• 4 minutes Some Good News on Climate Change Maybe
  • 7 minutes Cuba Charges U.S. Moving Special Forces, Preparing Venezuelan Intervention
  • 12 minutes Washington Eyes Crackdown On OPEC
  • 15 minutes Solar and Wind Will Not "Save" the Climate
  • 4 hours Amazon’s Exit Could Scare Off Tech Companies From New York
  • 3 hours And for the final post in this series of 3: we’ll have a look at the Decline Rates in the Permian
  • 3 hours Most Wanted Man In Latin America For AP Agency: Maduro Reveals Secret Meetings With US Envoy
  • 10 hours Former United Nations Scientist says the UN is lying about Global Warming and Sea-Level changes
  • 6 hours Prospective Cause of Little Ice Age
  • 29 mins And the War on LNG is Now On
  • 21 hours L.A. Mayor Ditches Gas Plant Plans
  • 24 hours Qatar Petroleum, Exxon To Proceed With $10 bln Texas LNG Project
  • 20 hours Russia to Turkey: You Can't Have Syrian Safe Zone Without Assad's Consent
  • 17 hours Solar Array Required to Match Global Oil Consumption
  • 4 hours *Happy Dance* ... U.S. Shale Oil Slowdown
  • 19 hours Europe Adds Saudi Arabia to Dirty-Money Blacklist
Can U.S. Gas Production Keep Up With Demand?

Can U.S. Gas Production Keep Up With Demand?

Demand for natural gas, specifically…

Mobile Wi-Fi Gizmos Don’t Need No Stinkin’ Batteries

Forget the better mousetrap. Research today seems focused on making a better battery – smaller but with greater capacity, lighter, and quick to recharge. That’s the key to truly portable, useful electronic devices.

Unless, of course, the battery becomes unnecessary altogether.

The key to most portable devices is the ability to send and receive signals, whether to make or accept cell phone calls, to receive television and radio signals, and to communicate with the Internet via Wi-Fi. Now researchers at the University of Washington say they can provide power too, cutting batteries from the equation.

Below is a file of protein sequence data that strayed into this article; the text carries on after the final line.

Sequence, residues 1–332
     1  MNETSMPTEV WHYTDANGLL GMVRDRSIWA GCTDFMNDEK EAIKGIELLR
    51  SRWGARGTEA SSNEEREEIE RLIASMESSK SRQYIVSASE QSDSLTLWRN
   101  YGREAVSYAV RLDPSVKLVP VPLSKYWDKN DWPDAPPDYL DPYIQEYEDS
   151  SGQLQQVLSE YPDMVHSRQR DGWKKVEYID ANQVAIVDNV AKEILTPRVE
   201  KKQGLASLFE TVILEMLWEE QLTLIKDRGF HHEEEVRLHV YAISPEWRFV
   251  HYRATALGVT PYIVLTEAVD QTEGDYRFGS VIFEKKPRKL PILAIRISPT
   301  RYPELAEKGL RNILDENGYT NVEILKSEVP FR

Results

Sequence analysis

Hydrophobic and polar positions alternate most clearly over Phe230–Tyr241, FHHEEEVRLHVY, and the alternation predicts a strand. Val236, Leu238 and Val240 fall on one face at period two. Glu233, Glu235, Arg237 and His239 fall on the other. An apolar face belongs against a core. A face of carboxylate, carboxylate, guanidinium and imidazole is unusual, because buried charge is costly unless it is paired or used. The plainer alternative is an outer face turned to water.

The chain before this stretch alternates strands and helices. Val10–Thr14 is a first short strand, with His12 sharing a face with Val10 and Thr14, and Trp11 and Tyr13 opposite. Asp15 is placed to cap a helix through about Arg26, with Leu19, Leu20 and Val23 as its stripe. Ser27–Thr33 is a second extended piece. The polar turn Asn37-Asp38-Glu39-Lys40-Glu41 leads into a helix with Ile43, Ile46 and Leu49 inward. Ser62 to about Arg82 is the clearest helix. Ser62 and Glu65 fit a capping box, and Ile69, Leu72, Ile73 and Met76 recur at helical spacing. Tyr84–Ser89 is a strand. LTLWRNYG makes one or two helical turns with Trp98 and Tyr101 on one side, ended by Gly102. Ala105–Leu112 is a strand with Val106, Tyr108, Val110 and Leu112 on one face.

The possibilities of such technology are virtually endless. For example, devices that can communicate without relying on electrical connections – whether from a wall socket or even a battery – could dramatically reduce the cost of and increase the ease of installing sensors in homes that control their maintenance remotely, whether to fix a refrigerator that’s acting up or adjust central heating.

Their new technology, called Wi-Fi Backscatter, could be what will make the Internet of Things a reality.

Take home thermostats. Stick one on the wall of a home’s living room and it can monitor the heat there, but only there, unless the builder had the foresight and the money to wire the entire home to place a temperature sensor in every room to ensure even heat or cooling.

Now, though, a homeowner can install inexpensive battery-free devices with Wi-Fi capability virtually anywhere to provide the furnace or air conditioner with the information to maintain a constant temperature everywhere.

“You could throw these things wherever you want and never have to think about them again,” Shyam Gollakota, an assistant professor at the University of Washington who worked on the project, told the MIT Technology Review.

In 2013, the same group of researchers demonstrated a similar design, although without Wi-Fi, but the devices could communicate only with other devices equipped with the same technology. But with added Wi-Fi connectivity, the devices can link up with any other unit through Wi-Fi signals.

Researchers have tried to collect power from radio signals for years. There’s enough energy available to run low-power circuits, Gollakota said, but not enough to transmit signals. So his team devised a way to have their devices communicate without out actively transmitting. Instead, he said, they send messages by recycling ambient radio waves rather than generating their own.

Here’s how to make a smart phone call based on Wi-Fi Backscatter technology: The device toggles its antenna between modes that alternately absorb and reflect a signal from an accessible Wi-Fi router. The absorption cycle powers the phone from the Wi-Fi signal, while the reflective mode uses that power to send its own signal.

The team plans to present its findings at the ACM Sigcomm conference in Chicago on Aug. 17-22.

By Andy Tully of Oilprice.com



Join the discussion | Back to homepage

Leave a comment

Leave a comment

Oilprice - The No. 1 Source for Oil & Energy News